ECN (Energy research Centre of the Netherlands) has introduced a technique which reduces power loss in solar cells to a minimum. The innovative solution leads to higher efficiencies and in the future this may result in lower electricity costs. It is integrated with existing manufacturing processes, a novelty in the global PV industry. This innovation is the result of a fruitful collaboration between ECN and high-end equipment supplier for the solar industry Tempress Systems.
Layer between wafer and metal contacts
In today’s modern silicon solar cells, power conversion efficiency is significantly limited because of electrical losses that arise from the recombination of the light-generated electrons in the solar cell. ECN applies a ‘polysilicon’ layer between the silicon wafer and the metal contacts that are the main source of these losses. This extremely thin layer ensures electricity is conducted well, but also prevents voltage losses. The technique has already been successfully applied in microelectronics and solar cells in the laboratory, but ECN and Tempress Systems are the first to implement this innovative technique on industrial scale machines and solar cells.
“An important advantage of the solution is the possibility for integration with existing mass production processes,” says Bart Geerligs, senior researcher at ECN. “Therefore it is not necessary to introduce much new process equipment. This innovation leads to robust improved results with perspective for lower electricity costs. The technology ‘stretches’ the efficiency limits of current solar cell technology. We have achieved a cell efficiency of 20.7% using this technology, and we expect to continue to make fast progress towards 25%”.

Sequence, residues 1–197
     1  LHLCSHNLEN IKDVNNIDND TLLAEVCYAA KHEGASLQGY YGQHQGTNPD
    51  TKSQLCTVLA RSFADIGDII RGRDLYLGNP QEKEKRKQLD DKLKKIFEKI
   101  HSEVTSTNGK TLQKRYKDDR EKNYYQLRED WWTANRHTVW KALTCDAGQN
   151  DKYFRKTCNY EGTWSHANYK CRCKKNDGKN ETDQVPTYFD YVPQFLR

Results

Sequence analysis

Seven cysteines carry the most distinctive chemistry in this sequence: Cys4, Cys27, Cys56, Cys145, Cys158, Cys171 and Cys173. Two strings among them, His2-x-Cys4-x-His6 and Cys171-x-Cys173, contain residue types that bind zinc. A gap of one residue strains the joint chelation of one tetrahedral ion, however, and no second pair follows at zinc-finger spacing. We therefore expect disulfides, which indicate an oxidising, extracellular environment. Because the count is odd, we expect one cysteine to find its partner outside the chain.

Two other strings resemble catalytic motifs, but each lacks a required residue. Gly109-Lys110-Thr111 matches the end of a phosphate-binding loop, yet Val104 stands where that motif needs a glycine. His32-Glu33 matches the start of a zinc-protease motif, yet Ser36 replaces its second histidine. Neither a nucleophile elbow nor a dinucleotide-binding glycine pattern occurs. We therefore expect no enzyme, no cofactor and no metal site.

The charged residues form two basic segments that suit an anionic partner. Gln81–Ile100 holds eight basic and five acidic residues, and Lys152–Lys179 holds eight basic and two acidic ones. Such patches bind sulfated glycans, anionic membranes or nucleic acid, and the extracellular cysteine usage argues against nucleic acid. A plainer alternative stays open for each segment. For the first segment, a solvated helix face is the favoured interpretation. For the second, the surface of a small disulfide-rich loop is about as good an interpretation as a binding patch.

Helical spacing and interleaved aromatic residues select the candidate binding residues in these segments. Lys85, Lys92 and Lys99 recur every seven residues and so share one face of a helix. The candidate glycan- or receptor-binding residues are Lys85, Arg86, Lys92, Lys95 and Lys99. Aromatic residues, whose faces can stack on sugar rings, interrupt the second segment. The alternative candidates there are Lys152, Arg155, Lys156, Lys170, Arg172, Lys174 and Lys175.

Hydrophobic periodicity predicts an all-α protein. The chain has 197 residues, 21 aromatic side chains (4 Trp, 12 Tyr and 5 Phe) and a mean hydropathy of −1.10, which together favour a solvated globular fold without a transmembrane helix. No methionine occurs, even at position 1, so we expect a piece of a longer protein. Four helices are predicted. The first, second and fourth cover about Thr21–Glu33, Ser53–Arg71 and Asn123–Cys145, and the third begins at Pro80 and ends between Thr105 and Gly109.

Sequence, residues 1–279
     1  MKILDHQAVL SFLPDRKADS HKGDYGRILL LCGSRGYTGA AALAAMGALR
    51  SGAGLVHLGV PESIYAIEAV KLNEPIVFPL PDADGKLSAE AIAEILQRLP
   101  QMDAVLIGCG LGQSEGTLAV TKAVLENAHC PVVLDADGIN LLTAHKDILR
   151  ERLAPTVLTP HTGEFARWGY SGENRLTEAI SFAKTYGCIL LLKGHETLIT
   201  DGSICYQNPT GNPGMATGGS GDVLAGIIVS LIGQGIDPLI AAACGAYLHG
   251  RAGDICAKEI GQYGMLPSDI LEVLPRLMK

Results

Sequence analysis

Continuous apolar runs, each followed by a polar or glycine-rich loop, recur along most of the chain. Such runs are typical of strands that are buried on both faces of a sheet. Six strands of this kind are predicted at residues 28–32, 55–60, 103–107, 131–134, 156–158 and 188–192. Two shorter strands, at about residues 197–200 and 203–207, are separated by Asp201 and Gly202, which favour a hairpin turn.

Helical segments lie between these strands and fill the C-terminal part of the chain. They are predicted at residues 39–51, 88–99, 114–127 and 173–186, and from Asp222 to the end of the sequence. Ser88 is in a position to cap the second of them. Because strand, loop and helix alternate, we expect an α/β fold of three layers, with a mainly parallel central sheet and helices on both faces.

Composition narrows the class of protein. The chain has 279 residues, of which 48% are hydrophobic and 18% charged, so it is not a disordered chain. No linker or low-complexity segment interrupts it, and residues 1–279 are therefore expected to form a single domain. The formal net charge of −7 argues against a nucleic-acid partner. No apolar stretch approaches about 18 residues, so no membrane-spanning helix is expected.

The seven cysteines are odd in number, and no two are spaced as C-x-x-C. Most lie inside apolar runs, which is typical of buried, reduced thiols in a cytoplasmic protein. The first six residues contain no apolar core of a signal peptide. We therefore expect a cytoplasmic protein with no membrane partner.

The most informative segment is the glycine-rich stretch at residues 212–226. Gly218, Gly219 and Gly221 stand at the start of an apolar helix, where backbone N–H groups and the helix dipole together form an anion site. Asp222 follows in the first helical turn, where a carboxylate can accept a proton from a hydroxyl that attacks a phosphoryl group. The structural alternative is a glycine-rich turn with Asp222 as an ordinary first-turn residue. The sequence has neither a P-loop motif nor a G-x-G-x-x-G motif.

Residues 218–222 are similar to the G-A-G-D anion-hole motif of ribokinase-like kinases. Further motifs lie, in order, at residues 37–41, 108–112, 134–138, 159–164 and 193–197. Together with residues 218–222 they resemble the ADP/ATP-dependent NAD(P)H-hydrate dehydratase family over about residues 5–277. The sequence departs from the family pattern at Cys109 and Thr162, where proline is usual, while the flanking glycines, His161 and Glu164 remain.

Industrial production process
Development engineer at Tempress Martijn Lenes: “Scaling up from a laboratory scale to an industrial process is often the biggest barrier for a successful implementation of a new promising technique. Therefore Tempress first used a prototype machine to see if the required layers can be produced simultaneously on a large enough scale. Once proven, we worked together with ECN to integrate these layers in a viable industrial production process.”
Export product for manufacturing
This Dutch innovation leads to more power per solar cell and has all the potential to become an innovative export product for worldwide solar markets. Because of this innovation the average (market) price of solar cells will decline and a wider public will embrace solar energy. Solar cells are applicable in many ways, for example on business rooftops, hospitals, schools, gymnasiums, power plants and private houses.